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LIVESTOCK DISEASE ERADICATION: EVALUATION OF THE COOPERATIVE STATE–FEDERAL BOVINE TUBERCULOSIS ERADICATION PROGRAM “insurance” contributions required by the individual producer, the level to be determined according to the producer-controllable risk. The least intensive program would minimize testing beyond the one-herd test per year, derestrict reactor herds more easily, reduce the effort on depopulation, and leave disinfection of infected premises to the individual producer. The responsibility for the annual herd test would be devolved to the herd owner. No cattle movement would be permitted without both the annual herd test and individual premovement tests (also the responsibility of the owner). In a sense, clear ongoing tuberculosis testing would be the basic requirement for any trade as an annual herd test is required (as it is now) by the European Community. Crucial to the economic analysis was knowledge of the impact of different eradication and control strategies on the prevalence of tuberculosis. As is often the case, such knowledge was not available. On the biologic side, estimates of key parameters used in this study included 10,000 cattle per year infected from wildlife; 5,000 false-negative cattle per year; 10 to 15,000 reactors missed per year because of imperfect testing; and 0.1 percent (10 to 12,000 cattle) false-positive reactors. As background to the results, it must be appreciated that in Ireland there is a wildlife reservoir of tuberculosis, primarily in badgers but also in deer. Badgers are widespread across Ireland and have close contact with cattle as they live in fence rows and bush next to cattle pastures. The level of infection in badgers (estimates are approximately 10 to 12 percent) poses a major problem and prevents near-term eradication of bovine tuberculosis. Other salient factors affecting program results include test errors (false-negatives, false-positives), extensive movement of cattle, and poor producer attitudes toward the disease and the program (these latter features have been common to almost all national eradication efforts). Based on discounted current values, over the next 20 years, a less intensive program aimed at control of bovine tuberculosis appeared to be a logical choice, entailing ongoing costs amounting to 2.5 percent of the annual revenue from bovine products. The fact that must be faced in Ireland (as in New Zealand) is that eradication of the disease cannot succeed given the entrenched wildlife reservoir and the close contact of that reservoir with cattle. Thus, at present, the Irish retain eradication as a long-term goal while employing a least-cost program of control for the foreseeable future. Both the Australian and the Irish analyses considered the potential contribution of vaccines and more accurate tests to the effectiveness of an eradication or control campaign. Vaccines for cattle and for wildlife (especially important in the Irish case) would help check the spread of disease and also require accommodation in test design to allow discrimination between vaccinated and field-infected animals. The development of such vaccines and more accurate tests was viewed as a long-term proposition by both the Australians and the Irish, requiring international cooperation. So while recognizing the potential for gains in the efficacy of control strategies, the studies concluded these improvements could not be relied on as part of near-term program design.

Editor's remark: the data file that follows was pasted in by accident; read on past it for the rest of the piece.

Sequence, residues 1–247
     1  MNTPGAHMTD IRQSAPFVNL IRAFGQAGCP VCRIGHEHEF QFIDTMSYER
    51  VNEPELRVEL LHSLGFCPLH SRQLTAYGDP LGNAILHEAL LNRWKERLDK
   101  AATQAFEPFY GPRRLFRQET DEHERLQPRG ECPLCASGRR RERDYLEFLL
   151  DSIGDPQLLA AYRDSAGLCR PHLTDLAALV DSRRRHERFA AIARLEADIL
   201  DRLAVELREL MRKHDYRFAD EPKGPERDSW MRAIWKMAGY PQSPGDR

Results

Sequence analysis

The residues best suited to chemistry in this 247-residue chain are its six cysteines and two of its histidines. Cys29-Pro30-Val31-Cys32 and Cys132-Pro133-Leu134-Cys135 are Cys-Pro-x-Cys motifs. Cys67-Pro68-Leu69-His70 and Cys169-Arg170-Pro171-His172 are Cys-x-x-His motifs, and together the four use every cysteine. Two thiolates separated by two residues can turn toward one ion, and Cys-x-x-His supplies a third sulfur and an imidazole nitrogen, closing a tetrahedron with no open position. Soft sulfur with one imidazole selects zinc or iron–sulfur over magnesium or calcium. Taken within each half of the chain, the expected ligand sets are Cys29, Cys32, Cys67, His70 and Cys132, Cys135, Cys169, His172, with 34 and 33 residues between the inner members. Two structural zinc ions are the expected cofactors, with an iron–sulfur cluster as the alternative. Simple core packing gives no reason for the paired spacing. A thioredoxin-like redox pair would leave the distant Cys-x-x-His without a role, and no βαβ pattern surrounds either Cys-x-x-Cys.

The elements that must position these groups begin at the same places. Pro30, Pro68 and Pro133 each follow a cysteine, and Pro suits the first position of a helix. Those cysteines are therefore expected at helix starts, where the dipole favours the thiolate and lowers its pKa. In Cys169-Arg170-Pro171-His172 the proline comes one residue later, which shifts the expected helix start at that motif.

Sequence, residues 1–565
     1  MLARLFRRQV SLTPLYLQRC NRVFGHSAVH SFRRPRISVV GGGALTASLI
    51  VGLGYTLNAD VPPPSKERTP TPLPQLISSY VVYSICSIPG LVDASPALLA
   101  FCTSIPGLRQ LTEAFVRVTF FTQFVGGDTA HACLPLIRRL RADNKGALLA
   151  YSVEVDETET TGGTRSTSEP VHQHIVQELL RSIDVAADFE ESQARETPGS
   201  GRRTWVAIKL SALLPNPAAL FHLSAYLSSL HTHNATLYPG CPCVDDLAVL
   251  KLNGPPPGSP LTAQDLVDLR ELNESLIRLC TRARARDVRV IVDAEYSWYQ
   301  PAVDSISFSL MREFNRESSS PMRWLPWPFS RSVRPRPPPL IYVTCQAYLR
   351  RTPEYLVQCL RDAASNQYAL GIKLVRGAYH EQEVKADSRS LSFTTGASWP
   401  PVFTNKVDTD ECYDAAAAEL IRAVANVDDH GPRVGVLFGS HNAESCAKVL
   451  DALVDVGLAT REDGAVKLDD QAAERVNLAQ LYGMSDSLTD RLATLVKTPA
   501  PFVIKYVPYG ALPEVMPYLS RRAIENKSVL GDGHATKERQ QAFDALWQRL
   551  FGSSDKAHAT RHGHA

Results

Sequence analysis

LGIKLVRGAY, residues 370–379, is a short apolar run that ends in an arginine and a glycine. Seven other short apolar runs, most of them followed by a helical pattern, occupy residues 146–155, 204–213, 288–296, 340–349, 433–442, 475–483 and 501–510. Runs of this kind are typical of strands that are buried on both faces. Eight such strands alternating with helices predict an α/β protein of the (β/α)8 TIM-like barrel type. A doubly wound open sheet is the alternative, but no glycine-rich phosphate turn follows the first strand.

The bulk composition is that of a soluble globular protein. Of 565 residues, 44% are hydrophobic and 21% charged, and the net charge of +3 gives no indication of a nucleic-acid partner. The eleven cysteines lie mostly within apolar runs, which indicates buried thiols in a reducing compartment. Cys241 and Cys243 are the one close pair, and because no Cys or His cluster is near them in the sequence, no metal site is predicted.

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LIVESTOCK DISEASE ERADICATION: EVALUATION OF THE COOPERATIVE STATE–FEDERAL BOVINE TUBERCULOSIS ERADICATION PROGRAM CONCLUSIONS FROM BIOECONOMIC MODELS Eradication of bovine tuberculosis can be achieved through test and slaughter programs as well as depopulation programs. Analyses based on bioeconomic models of disease transmission and control in the United States and Canada shows that the highest benefit/cost ratios, the greatest net benefits, the lowest accumulated industry losses, and the lowest accumulated total program costs are likely to occur if known infected herds are depopulated. Both analyses assumed that, along with depopulation, disease surveillance would permit detection of 90 percent of lesioned cattle at slaughter with successful traceback to the farm of origin. Conclusions about the superiority of depopulation were the same in both studies despite differences in the time periods under consideration and in disease prevalence rates and industry structure. When eradication is feasible, as it is in the absence of an established reservoir of disease in the wildlife population, aggressive depopulation can provide larger gains to society than does a less intensive test and slaughter program. Depopulation's superiority is attributable to the earlier achievement of the eradication goal, which results in lower program costs over time and reduced losses from disease. Based on the U.S. and Canadian studies of the 1970s, then, one might conclude that aggressive depopulation would be the best approach for the United States today. However, as has been noted, significant changes in biological and economic (as well as noneconomic) conditions since the 1970s point to the need for revision of the analytical models to support public and private decision making. Critical aspects of change that should be incorporated in any revision are discussed below. In particular, the robustness of the assumption about adequacy of financial support for aggressive depopulation needs to be explored because the 1970s analyses showed an advantage to relatively aggressive depopulation programs compared to test and slaughter programs, given adequate incentives are provided for producer cooperation. Given the persistent, low level of bovine tuberculosis infection in the U.S. cattle industry since the 1970s, the key question for future program direction is whether to continue to focus on control, aimed at eradication at some time in the future, with current levels of funding for depopulation or to mount an all-out effort to eradicate bovine tuberculosis from the beef and dairy industries as well as the farmed Cervidae/Camelidae herds. Revised bioeconomic models could be formulated to estimate costs and benefits for various program options such as the current program combined with various levels of herd depopulation, the current program with various levels of increased slaughter surveillance efficiency and varying levels of herd depopulation, or complete and immediate depopulation of all infected herds. Partial budgeting, which has often been used for analyzing various enterprises within medium to large firms, might be used as a complement to the kind of bioeconomic modeling that has been discussed here. Partial budgeting could be useful for analyzing the consequences of alternative herd health management practices and/or potential consequences of depopulation in the short run--for example, for individual dairy operations in the El Paso milkshed area. Such studies are less costly than large bioeconomic simulation models but are limited with respect to analyzing the impacts of spread between herds or among regions and generally are not designed for analyses that include a large number of factors.